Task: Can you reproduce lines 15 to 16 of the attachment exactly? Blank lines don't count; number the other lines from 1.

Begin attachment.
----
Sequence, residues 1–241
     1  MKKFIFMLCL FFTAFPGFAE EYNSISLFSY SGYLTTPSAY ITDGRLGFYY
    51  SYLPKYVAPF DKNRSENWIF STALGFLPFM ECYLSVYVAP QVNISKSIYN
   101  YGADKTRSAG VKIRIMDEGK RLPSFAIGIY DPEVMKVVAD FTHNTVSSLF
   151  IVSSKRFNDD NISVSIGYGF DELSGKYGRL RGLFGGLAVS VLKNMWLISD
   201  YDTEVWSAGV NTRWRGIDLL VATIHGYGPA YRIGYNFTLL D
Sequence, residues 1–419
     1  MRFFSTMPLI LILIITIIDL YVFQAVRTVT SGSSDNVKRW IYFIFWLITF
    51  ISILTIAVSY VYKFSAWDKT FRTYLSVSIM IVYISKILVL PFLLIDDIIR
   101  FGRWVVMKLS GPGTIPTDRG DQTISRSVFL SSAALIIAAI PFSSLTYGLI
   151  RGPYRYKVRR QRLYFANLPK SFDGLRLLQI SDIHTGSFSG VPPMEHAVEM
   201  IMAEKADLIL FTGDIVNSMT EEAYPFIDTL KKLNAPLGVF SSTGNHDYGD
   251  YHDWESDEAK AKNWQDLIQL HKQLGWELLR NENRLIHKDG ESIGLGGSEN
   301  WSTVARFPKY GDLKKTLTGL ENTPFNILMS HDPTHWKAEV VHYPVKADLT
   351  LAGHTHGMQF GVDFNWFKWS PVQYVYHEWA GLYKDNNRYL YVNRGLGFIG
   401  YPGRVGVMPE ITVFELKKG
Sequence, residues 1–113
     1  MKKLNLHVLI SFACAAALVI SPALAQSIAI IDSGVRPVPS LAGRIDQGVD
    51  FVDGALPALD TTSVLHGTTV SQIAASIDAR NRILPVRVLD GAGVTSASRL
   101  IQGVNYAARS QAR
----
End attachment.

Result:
   351  LAGHTHGMQF GVDFNWFKWS PVQYVYHEWA GLYKDNNRYL YVNRGLGFIG
   401  YPGRVGVMPE ITVFELKKG